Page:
Here’s Alex Tabarrok:
Simply put, Chinese institutions are not as good as those in say Mexico. Thus, China will not overtake Mexico in terms of GDP per capita any time soon, hence Chinese growth rates will fall. All we are seeing today is the logic of the Solow model in action.
Let’s start with where I agree:
1. Mexico’s per capita income is currently much higher than China’s. Thus if ‘soon’ means “in a few years” then China is unlikely to catch up soon.
2. China’s been growing at about 10% a year for more than 30 years. Hence growth is likely to slow; indeed it’s probably slowing already.
3. Good institutions are crucial in economic development.
And yet . . . I still don’t feel comfortable with Alex’s claim.
1. Institutional reform has been the key to China’s development. Its current institutions are vastly better than those of 15 years ago, which were vastly better than those of 30 years ago. Because institutional reform has driven China’s growth, it’s not obvious why Alex would be pessimistic about China catching up to Mexico. Is there some reason to suspect that institutional reform will suddenly stop?
2. Even if China’s institutions remain inferior to those of Mexico, it’s not obvious to me that China can’t catch up economically, as other factors also matter. Here I’ll have difficulty making an argument, because good institutions are hard to measure. One metric that many cite is the Heritage Foundation’s Index of Economic Freedom. Frequent commenter Statsguy pointed out that, despite its name, this index is actually more about good governance than “freedom.” In the 2011 rankings Chile scores well above Taiwan, and yet Taiwan is more than twice as rich as Chile. What does that prove? Perhaps very little. But it does suggest to me that it’s quite possible for an ethnic Chinese country to be far richer than a Latin American country, despite having inferior institutions. (And fewer natural resources as well.)
Now of course there are lots of reasons to doubt whether China will actually catch up. It’s institutions are far inferior to those of Taiwan. And as the two Koreas show, ethnic similarity doesn’t always transfer over to institutional similarity.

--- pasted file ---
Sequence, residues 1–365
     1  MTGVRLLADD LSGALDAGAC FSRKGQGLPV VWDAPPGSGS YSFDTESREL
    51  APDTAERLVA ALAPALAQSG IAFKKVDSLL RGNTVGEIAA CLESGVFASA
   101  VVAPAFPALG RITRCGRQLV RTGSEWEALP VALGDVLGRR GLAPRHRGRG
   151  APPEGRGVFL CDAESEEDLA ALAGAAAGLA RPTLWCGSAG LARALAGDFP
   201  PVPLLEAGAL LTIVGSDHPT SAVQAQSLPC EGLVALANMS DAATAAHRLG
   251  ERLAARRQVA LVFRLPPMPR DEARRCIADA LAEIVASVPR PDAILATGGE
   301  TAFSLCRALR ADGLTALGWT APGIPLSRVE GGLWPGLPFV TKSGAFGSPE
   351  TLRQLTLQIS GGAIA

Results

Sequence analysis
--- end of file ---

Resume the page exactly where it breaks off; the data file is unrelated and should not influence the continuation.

But my hunch is that China will catch up to Mexico fairly soon, if ‘soon’ is defined as a couple decades rather than a couple years. That’s mostly because I expect institutional change to continue in China, albeit at a slower pace. PPP estimates are very tricky between countries as dissimilar as China and Mexico, but in purely nominal terms Mexico’s about twice as rich. If I had to guess I’d estimate that the nominal gap will completely close at some time during the 2020s. That will occur for three reasons; faster Chinese per capita RGDP growth, slightly higher inflation, and a nominal appreciation of the yuan against the peso.
Those that find this implausible might consider the following. Mexico is a mature, slow growing country that seems stuck in the middle income trap. China is a hodgepodge of some regions that got an early start, and more importantly, vast interior regions that could achieve massive growth without any further economic reform. Thus China has the momentum to achieve quite a bit more growth merely by bringing areas like Sichuan up to the levels of development already achieved in coastal areas like Zhejiang. In principle Mexico might do the same, but it shows no signs of doing so. In contrast, growth rates in the interior of China are already soaring above the coastal regions, suggesting the catch-up process is fully underway. And that’s not to mention the vast rural to urban migration that will help power Chinese growth for years to come. There are reasons why China’s growing faster than Mexico right now (despite a slowdown this year) and those reasons aren’t going to suddenly vanish.
PS. In 1996 I flew from Kunming, China to Chang Mai, Thailand. It was immediately obvious that Thailand was much, much richer. And it was. I also recall thinking to myself that China would catch up soon. And now it has, despite inferior institutions. (I should clarify that it has caught up in nominal terms, it still lags slightly in PPP terms.)
Update: Marcus Nunes has a recent post showing how protectionism in Brazil contributed to their falling behind the Asian tiger economies.